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When ABC stands for appallingly bad conduct….take two

You’ll remember I ended last week’s blog on the subject of abject behaviour saying we’d need another blog to bring the theme to an end – and here it is.

So let’s look at a few more examples before we close the chapter and look ahead to brighter days around the boardroom table.

No session on boards going bad would be complete without mention of that perennial poison, conflict of interest. As with last week’s example, what makes this one particularly galling is that it is again committed by a legal professional, who should know better.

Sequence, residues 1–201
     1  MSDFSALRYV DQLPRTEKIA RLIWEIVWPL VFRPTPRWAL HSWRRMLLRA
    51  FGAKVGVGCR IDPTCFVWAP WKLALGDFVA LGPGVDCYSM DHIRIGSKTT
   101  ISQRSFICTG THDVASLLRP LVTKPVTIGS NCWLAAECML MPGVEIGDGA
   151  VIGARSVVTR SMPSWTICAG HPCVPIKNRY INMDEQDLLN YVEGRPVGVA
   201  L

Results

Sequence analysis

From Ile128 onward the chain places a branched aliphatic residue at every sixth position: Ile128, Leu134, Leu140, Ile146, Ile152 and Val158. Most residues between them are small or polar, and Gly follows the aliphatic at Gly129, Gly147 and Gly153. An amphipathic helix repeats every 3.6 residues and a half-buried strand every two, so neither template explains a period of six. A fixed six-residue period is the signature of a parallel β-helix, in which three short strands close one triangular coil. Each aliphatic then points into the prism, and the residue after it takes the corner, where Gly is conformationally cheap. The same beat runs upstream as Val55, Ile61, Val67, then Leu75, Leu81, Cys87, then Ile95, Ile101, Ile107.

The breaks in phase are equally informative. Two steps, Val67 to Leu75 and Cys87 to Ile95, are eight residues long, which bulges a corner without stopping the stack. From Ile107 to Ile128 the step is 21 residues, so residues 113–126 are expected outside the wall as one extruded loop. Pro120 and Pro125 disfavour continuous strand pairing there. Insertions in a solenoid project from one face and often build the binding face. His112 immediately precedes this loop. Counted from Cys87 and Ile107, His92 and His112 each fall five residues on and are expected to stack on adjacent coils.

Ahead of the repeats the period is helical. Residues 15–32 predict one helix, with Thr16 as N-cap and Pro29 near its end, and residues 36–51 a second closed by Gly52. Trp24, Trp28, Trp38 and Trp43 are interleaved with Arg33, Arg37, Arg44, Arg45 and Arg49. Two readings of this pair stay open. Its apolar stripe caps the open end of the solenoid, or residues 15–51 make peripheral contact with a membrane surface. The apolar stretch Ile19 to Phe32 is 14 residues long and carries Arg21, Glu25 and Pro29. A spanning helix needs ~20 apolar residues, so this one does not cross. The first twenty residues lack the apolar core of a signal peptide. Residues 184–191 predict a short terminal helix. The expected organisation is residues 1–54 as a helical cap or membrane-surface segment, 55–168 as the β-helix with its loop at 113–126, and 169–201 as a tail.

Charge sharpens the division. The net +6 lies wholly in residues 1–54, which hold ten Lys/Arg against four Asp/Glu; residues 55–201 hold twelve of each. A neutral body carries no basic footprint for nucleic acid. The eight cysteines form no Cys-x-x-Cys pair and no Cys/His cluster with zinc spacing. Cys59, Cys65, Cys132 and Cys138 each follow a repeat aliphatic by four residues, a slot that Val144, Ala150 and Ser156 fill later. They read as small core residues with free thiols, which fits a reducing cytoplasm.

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When ABC stands for appallingly bad conduct….

I thought I’d spend a couple of minutes today mulling over a few situations where the behaviour of a board member has done nothing positive for the organisation and its smooth functioning.


And perhaps most disturbing is that it’s more often than not done without realising the negative implications and comes down to ignorance, hubris, nepotism or an inability to convert the intellectual into the practical – or any number of toxic cocktails of the three.
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Orica ‘explosion’ highlights payout pitfalls

Corporate bullying has been in the news again lately, this time the incident at mining explosives supplier Orica in late March grabbing our attention in the media.